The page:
Canada’s telecom regulator handed Sun News Network a partial victory on Thursday, announcing new rules for cable and satellite providers that will require them to offer the struggling news network to all subscribers.

All news channels will have to be offered as part of any news channel bundle they provide, as well as on an a-la-carte basis, the CRTC said.

The decision does not amount to what’s known as “mandatory carriage” — cable and satellite providers won’t have to offer it as part of their basic cable service, as Sun News had requested in an application to the CRTC that was rejected earlier this year.

Many consumers complained that they did not want to pay for a news channel they don't intend to watch. That will not happen under the CRTC's new rules.

At a public hearing in the spring of 2013, the CRTC was made aware of the challenges facing all Canadian television news services, and particularly new entrants in this sector,” the CRTC said in a statement.

“These challenges were the sign of a systemic problem regarding the distribution of Canadian national news services on fair and commercially reasonable terms. The CRTC has acted quickly to address these challenges.”

While that’s good news for Sun Media, which had complained that some TV providers weren’t even offering its channel, it's unclear if it will be enough to immediately reverse the network's flagging fortunes.

The network had argued in CRTC hearings earlier this year that not being made a part of basic cable would be a “death sentence.” It noted that the CBC and CTV news channels enjoyed mandatory carriage in their early years. Neither of those channels are mandatory carriage today, though CBC’s French service is mandatory in English Canada, and vice versa.

The new rules come into effect on May 18, 2014.

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  • A Brief History Of Sun News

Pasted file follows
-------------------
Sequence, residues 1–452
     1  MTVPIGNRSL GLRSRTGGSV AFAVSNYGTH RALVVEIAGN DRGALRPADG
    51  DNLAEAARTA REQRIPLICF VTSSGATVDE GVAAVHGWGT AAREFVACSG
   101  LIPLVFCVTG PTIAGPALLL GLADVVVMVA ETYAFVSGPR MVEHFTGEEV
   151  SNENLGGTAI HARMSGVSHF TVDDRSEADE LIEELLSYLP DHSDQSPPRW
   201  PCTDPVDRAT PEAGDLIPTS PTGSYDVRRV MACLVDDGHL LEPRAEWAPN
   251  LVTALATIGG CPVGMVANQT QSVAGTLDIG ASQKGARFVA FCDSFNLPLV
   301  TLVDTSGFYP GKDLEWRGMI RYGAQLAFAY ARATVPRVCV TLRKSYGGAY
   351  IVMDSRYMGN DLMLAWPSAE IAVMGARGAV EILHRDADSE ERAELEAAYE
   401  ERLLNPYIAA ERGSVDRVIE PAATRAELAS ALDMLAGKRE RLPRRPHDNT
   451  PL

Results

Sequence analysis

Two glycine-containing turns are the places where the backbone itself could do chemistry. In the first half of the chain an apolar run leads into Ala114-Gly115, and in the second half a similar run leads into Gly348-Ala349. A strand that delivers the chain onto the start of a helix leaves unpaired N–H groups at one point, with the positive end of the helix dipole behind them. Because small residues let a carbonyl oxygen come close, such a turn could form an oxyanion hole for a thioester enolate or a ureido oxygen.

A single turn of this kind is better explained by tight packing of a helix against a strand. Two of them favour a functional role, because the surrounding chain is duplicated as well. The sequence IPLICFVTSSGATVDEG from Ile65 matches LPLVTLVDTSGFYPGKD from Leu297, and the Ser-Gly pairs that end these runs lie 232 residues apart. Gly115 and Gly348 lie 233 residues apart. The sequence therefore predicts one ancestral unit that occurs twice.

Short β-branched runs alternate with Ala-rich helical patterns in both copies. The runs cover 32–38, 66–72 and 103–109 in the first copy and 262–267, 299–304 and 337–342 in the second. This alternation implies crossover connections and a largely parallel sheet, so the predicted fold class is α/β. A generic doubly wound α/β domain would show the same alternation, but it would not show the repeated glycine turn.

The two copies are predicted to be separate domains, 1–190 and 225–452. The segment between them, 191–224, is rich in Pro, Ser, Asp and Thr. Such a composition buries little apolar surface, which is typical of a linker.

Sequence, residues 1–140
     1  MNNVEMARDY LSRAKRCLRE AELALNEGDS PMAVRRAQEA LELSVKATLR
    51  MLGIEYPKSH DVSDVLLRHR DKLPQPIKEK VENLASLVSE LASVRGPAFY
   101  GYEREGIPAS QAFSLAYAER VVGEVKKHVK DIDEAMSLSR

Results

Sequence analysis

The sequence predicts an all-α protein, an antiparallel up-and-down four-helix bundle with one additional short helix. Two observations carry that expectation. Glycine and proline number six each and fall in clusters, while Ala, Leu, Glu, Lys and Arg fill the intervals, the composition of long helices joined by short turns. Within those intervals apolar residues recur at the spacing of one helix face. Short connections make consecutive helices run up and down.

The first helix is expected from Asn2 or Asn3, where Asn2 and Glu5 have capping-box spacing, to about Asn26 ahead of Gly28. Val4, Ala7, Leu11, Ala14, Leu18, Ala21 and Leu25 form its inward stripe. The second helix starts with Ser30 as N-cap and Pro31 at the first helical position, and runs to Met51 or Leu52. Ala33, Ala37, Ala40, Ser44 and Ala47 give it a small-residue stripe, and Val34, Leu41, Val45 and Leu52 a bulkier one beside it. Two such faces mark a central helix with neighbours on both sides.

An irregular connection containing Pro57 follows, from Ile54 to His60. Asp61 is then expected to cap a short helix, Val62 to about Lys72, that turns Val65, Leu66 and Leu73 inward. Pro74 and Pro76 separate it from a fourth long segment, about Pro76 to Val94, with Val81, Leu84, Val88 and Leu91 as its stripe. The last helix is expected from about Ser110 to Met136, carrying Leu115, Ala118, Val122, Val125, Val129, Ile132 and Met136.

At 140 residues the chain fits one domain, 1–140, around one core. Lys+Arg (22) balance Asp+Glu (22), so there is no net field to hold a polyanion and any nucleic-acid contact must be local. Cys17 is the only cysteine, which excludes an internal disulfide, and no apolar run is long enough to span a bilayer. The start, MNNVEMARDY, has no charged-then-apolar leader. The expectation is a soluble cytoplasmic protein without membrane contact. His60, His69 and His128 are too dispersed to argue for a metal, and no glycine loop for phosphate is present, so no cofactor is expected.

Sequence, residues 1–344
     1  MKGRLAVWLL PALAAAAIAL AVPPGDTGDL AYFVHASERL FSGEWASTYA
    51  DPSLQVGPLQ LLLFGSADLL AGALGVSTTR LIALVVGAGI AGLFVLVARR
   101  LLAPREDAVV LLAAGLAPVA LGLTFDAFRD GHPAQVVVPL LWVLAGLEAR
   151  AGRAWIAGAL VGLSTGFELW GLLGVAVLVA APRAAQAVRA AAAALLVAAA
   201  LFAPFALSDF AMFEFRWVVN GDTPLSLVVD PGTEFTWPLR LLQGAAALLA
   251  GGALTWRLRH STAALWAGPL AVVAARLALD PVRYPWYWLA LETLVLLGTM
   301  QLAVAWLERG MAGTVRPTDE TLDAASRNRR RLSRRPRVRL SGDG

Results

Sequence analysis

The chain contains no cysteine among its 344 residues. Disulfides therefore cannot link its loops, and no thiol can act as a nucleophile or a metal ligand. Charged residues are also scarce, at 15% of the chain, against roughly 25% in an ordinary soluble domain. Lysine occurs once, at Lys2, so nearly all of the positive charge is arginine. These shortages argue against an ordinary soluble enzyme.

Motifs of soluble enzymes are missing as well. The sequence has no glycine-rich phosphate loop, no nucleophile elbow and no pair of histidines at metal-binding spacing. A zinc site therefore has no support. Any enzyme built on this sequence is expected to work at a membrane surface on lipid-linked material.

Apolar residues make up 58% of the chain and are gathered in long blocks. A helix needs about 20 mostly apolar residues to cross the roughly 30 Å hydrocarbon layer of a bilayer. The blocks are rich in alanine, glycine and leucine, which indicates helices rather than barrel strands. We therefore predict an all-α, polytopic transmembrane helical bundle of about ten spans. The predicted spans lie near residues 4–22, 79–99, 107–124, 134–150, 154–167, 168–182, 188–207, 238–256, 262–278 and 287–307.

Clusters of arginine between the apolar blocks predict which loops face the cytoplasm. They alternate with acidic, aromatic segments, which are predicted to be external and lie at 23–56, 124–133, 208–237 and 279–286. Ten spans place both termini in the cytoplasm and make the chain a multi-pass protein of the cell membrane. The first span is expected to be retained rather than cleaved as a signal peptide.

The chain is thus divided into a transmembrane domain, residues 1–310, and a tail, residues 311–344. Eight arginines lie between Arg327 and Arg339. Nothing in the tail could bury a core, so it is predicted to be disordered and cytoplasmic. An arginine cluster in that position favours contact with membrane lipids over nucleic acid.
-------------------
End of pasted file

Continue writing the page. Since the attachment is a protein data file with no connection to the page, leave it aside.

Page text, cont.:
Pictured: Sun News host Ezra Levant

  • Under pressure?

    Controversy surrounding the Sun News Network began even before the network went on the air in April, 2011. The Globe and Mail reported in the summer of 2010 that <a href="http://www.theglobeandmail.com/news/politics/lawrence-martin/is-stephen-harper-set-to-move-against-the-crtc/article1677632/">CRTC chairman Konrad von Finckenstein was under pressure from the Prime Minister's Office to resign</a>, in order to pave a smooth path for Sun News to be granted a licence by the regulator. Finckenstein denied the allegations.

  • 'Stop Fox News North'

    With concerns swirling about the possibility of a PMO-driven political agenda at Sun News, the activist site Avaaz launched "<a href="http://www.avaaz.org/en/no_fox_news_canada">Stop Fox News North</a>," a campaign to pressure the CRTC to deny a licence to the news network. The network responded by citing Avaaz's U.S. roots and noting that left-wing billionaire George Soros has contributed to the group, in an apparent effort to discredit the petition as a "U.S. import."

  • Soros Threatens To Sue

    Future Sun News personality Ezra Levant went further than most in his criticism of Avaaz and its links to George Soros (pictured above). Levant suggested in a column that Soros, who is Jewish, aided the Germans in the Holocaust as a teenager. After receiving a letter from Soros' lawyers threatening to sue, <a href="http://www.torontosun.com/comment/2010/09/17/15388356.html">the Sun newspapers ran a retraction</a>.

  • Art attack!

    Sun News was on the air for only about six weeks when its first major controversy erupted. The CRTC received a record 6,676 complaints from viewers after host Krista Erickson aggressively challenged dancer Margie Gillis over the issue of whether artists should receive taxpayers' money in the form of grants. The Canadian Broadcasting Standards Council eventually ruled <a href="http://www.huffingtonpost.ca/2012/02/03/krista-erickson-margie-hills-sun-news_n_1253421.html">Erickson was within her rights to express her opinions during the interview</a>.